Greet Van Belle:
I have a question about, with W courses. What you said before really made me think of writing intensive courses. How does that change it?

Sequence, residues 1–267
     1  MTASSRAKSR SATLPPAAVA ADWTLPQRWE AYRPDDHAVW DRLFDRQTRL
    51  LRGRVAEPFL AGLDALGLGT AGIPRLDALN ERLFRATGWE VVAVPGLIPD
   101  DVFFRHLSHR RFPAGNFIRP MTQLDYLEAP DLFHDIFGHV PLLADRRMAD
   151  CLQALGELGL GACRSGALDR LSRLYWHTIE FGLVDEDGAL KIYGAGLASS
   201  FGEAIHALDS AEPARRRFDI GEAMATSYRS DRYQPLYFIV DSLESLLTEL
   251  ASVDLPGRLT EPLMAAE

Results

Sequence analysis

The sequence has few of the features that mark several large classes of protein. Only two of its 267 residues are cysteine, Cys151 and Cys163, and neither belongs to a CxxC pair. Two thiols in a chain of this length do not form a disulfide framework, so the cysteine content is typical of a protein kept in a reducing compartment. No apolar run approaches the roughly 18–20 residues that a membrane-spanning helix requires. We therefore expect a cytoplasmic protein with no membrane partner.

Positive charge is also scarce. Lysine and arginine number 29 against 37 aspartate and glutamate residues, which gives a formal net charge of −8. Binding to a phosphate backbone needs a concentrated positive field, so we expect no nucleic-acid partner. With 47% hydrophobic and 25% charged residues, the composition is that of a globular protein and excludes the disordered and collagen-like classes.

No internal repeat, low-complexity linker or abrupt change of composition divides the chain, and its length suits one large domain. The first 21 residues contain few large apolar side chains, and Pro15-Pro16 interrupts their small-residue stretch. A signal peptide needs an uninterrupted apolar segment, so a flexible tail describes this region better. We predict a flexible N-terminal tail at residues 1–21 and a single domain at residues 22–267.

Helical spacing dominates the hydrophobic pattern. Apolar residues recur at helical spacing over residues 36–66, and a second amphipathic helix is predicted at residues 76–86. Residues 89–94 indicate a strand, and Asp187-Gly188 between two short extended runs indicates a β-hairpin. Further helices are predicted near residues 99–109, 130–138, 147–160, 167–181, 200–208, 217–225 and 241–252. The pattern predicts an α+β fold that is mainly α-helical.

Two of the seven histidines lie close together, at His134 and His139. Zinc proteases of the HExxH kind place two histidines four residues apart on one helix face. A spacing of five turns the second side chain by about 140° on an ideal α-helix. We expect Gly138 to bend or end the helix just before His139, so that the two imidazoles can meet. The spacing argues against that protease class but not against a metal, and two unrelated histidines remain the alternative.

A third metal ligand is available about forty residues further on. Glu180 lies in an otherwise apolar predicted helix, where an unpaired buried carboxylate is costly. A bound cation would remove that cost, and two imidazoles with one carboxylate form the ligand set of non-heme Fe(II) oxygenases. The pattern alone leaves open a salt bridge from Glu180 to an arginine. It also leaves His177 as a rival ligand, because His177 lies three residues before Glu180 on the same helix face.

The dominant writing skill that I have encountered- remember I teach art history- has been so flawed, that more often than not I feel like I'm teaching writing rather than teaching history. And I've found that the amount of writing that the writing intensive template requires is stupefying for many students. To do 12 pages of formal writing can be very upsetting from the beginning, because it's on the syllabus. So they start out thinking, oh my god, what am I gonna do with that paper? You know, that kind of thing, so I have had to chop up those 12 pages into various shorter forms and help them learn how to write formally about history. And so with this project I was able to do that same kind of thing. Load it up in your sandbox everything that you think is important, about that object and this artist. Now go to the artist page and see in the Wikipedia stuff that's already there. So they were writing and judging other people's writing as well, they slowed down, there's less tension there's the same amount of pressure to write well but there was less tension around what it meant to be formal. Because the language isn’t really that formal in Wikipedia. Its almost, it’s data but it conversational as well. They don't use big words. Like juxtapoz is not going to be in it personally I feel like they got their writing-intensive workout, for me. Because the end of the semester. And they had to do things that wasn't on Wikipedia. They had to do journal writings, they had to do review shows, that kind of stuff. So they did do writing separate from this. I think the end product justifies the work done on the way, so that I don't think I short-changed them getting their writing-intensive credit for the class. And no one is failing.